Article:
Lissie: My Wild West


Videos by American Songwriter

My Wild West
(Lionboy/Thirty Tigers)
Rating: 3 out of 5 stars

By now, most remnants of folk have been removed from the folk/rock tag once applied to Lissie’s music. Over the course of two previous releases she has transformed into a mature pop-rocker and on her third effort she continues to solidify in that genre.

Even though the majority of these songs begin with softly strummed guitar and/or piano such as “Together or Apart,” “Stay” and “Sun Keeps Risin’,” they generally ramp up into full-blown power ballads propelled by Lissie’s ever more poised, confident and room-filling vocals. The back story is that Lissie moved from California to a farm in Iowa, detailed in the opening “Hollywood,” accompanied by comparatively restrained piano and strings. The tale continues on the title track as Lissie adds pounding drums and thumping arena rock sonics to bring the drama in a big way.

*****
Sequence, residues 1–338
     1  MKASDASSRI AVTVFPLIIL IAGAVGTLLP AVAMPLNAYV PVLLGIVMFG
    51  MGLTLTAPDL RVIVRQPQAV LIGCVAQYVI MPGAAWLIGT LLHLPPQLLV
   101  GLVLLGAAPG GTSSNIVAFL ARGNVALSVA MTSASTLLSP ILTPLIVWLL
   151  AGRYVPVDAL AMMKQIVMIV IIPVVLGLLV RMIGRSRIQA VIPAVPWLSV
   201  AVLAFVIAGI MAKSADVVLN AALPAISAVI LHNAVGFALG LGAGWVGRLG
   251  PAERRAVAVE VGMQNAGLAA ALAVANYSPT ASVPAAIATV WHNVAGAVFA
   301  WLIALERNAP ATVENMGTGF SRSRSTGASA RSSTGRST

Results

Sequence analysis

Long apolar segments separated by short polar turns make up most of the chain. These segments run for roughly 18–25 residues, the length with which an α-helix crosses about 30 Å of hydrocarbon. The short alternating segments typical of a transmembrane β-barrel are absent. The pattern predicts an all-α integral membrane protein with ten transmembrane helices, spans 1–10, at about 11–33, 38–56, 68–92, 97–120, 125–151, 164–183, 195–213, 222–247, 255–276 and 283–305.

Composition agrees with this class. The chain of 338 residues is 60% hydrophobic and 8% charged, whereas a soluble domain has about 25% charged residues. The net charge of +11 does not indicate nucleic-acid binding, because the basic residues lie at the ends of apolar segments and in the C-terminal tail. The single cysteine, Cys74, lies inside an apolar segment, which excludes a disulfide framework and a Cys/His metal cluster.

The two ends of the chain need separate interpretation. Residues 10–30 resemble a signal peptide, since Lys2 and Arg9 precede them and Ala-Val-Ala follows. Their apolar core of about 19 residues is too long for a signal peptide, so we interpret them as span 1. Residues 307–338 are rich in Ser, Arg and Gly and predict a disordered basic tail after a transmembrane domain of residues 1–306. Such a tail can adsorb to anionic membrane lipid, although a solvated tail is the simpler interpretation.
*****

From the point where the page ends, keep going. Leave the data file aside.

And so it goes on eleven professionally-crafted songs that follow a similar soft/introspective beginning leading to a boisterous/blustery ending blueprint. Thanks to Lissie’s obvious passion and compositional strengths along with producer/mixer Curt Schneider’s talents, that somewhat clichéd tactic stays fresh. Occasionally the effusive elements of songs such as “Daughters”—where you can almost see an audience of women singing along with the female empowerment lyrics — threaten to overwhelm Lissie’s approach, but her melodies are resilient enough to overcome that concern. Tracks like “Hero” are meant to be arm-raising statements, an aspect Lissie never seems ashamed of. The moving-away-leaving-a-lover formula is explored with tenderness in “Together or Apart,” a tune that feels intimate even as it aims for the lighter wavers in the back rows.

Sometimes, as on “Shroud,” the introspective songwriting isn’t strong enough to sustain the bold attack and the seriousness can feel confining. Only on the closing “Ojai” does Lissie strip down to just guitar and subtle, beautifully played (by Jesse Steinberg) lap steel for the entire track. Lissie wails like she’s singing to an audience of thousands, a trait that might get tired in the hands of an artist with lesser abilities.

The move to a more bucolic existence hasn’t altered Lissie’s audacious, some might say lofty, artistic vision. Which shows you can take the woman out of city, but you can’t take the city out of the woman. 

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